Here at the college I work for, most full time instructors (we aren't a research place) are on "9 month contract" which means they teach 5 classes in the Fall and Spring terms, and are off Summer, but their pay is split across all 24 paychecks we receive in a year. Note that we have a few 12 month faculty, mostly in specialized areas that are working other jobs at the college - for example, the Stage Manager for our theater teaches in the drama department, but his teaching 2 classes is part of his regular 40 hour work week. Our nursing faculty (well, most of our health sciences - nursing, resp. therapy, radiology and nuke med, etc) are also 12 month contracted employees, since they teach courses and do clinical supervision all year long.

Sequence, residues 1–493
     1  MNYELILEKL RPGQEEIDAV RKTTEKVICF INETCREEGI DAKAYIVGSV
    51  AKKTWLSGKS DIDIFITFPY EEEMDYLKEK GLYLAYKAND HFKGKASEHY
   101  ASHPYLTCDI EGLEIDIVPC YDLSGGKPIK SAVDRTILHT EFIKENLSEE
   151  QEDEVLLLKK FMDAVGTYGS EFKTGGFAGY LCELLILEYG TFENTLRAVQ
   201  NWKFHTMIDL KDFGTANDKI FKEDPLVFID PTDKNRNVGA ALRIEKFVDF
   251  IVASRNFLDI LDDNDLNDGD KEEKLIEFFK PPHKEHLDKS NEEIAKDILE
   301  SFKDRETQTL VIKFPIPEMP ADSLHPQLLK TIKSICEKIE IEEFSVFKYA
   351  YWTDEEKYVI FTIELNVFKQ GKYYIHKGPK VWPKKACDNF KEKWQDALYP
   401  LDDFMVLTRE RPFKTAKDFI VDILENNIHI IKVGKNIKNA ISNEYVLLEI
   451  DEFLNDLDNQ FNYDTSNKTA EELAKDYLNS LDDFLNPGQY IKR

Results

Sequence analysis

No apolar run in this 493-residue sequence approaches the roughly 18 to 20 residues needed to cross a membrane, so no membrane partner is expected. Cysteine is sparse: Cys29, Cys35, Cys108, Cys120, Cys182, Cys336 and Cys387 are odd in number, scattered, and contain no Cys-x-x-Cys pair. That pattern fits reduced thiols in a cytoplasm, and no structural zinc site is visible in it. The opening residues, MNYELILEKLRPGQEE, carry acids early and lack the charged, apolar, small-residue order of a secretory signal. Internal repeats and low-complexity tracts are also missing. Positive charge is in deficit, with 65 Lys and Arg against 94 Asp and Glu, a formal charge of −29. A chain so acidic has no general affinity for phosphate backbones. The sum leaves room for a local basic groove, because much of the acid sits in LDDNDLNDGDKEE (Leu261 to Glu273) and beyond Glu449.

During summer, quite a few folk "check out" and we don't hear from them until the day before classes start. Some are even proud of the fact that they don't check email, etc. which makes administrative stuff kinda hard to do at times.

Many 9 month faculty also choose to teach extra classes over the summer, which they do at adjunct pay rate (about $2200 for a 3 credit class over 6, 9 or 12 weeks depending on sub-term the course is in). Teaching extra in summer can be a major pay boost for faculty, since in theory (and some do this) you can teach a full load (4 classes) in A term, and another 4 in B term. Most often I see this as people get near the "entire retirement" stage, since our state retirement system is based on the average of your highest 5 years of pay over your service time.

  • Does it really matter whether you get 24 paychecks over the entire year, or 18 paychecks over 9 months? A pizza isn't more filling if you cut it into 8 slices rather than 6.
    – Barmar
    Commented Jul 27, 2019 at 17:08